Life wasn’t bad for Caroline Murat, née Bonaparte, in Naples. Her husband Gioacchino had crowned his meteoric career, which began as son of an inn-keeper, with a prestige post. After a rapid rise through the ranks of Napoleon’s army, he secured his new role as King of Naples in 1808. Caroline, as ambitious as her brother Napoleon, was free to continue one of her favourite pursuits: collecting watches.
And so on 8 June 1810, in the heat of the Neapolitan afternoon, Caroline called her personal secretary to the drawing-room of her palace, and dictated a letter to Abraham-Louis Breguet, her trusted watchmaker working in Paris.
“M. Breguet, we wish you to make a watch with slender lines, and, in addition to the usual hours and minutes, it should chime the time when we desire, and it should have a thermometer, something for which, here in Naples, is important for us and our health. We wish it to be small and thin, and instead of a chain, it should be mounted on a wristlet in gold thread, so that it shall be a piece of jewellery, on our wrist at all times.”
I’m inventing here, because the letter (I believe) hasn’t survived, and neither has the watch. But there is no doubt that Caroline had unknowingly commissioned something ground-breaking. At a time at which most timepieces were either pocket watches or clocks, she had invented the wristwatch, way ahead of the years in which it reached widespread popularity in the early 20th century.
Breguet was a perfectionist, and he was only satisfied with the watch after two years and the work of 17 craftsmen. It was delivered on 21 December 1812. With a graceful oval shape, it was unusually thin, particularly considering the intricacies of the repeater complication. Breguet’s jewellers made a beautiful wristlet in gold thread, adding intertwined hair for extra strength. The Breguet workshops saw the watch twice more, in 1849 and in 1855, when it was returned by Caroline’s daughter for maintenance. The entry in the company archives reveals that the timepiece had a silver dial with Arabic numerals, and a fast/slow indicator. After 1855, the watch apparently disappeared from circulation. Who knows where it is today?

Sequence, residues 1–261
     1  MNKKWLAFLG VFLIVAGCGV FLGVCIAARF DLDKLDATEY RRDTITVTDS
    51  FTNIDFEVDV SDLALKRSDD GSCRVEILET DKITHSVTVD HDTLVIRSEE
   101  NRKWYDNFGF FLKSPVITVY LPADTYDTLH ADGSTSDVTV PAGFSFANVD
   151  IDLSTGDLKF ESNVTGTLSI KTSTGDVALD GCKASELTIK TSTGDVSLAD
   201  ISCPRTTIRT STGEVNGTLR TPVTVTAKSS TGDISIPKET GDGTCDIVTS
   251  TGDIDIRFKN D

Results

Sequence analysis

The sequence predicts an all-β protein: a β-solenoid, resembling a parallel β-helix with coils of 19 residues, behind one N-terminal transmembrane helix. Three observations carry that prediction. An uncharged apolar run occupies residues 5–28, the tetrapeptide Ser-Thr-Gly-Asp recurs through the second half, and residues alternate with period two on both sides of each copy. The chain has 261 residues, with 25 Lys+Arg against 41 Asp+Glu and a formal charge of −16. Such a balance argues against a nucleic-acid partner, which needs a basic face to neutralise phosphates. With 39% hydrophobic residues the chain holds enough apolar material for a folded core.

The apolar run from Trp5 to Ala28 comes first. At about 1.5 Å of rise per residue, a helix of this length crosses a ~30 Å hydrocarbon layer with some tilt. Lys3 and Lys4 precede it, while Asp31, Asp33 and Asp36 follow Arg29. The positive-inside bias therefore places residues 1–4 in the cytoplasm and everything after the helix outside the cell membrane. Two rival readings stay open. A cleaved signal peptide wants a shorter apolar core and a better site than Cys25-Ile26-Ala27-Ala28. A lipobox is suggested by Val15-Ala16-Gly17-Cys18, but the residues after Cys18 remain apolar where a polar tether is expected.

It lives on in the form of the Reine de Naples collection, watches that have the same oval shape, a whole range of bracelets and decorative finishes, and Breguet’s superb mechanical movements inside. The models range from hour and minute functions, to complications such as moon phases. All of them are quintessentially feminine.
On 9 June 2014, in Milan, the anniversary of the first wristwatch was celebrated at the maison’s boutique on Via Montenapoleone. Staff dressed in period costume, and even a drawing room with authentic decoration and furniture, recreated a regal atmosphere. The brand invited some journalists—all girls, of course!—and immersed us into a long-lost world. We saw a cameo craftsman from Naples, carving superb bas-reliefs on conch shells, a technique that is used on dials of some Reine de Naples watches. I was even able to try on some of these watches. Not just beautiful, but also perfectly shaped and very comfortable on the wrist.
So for an all too brief moment in 21st century Milan, I had the sensation of being none other than the Queen of Naples!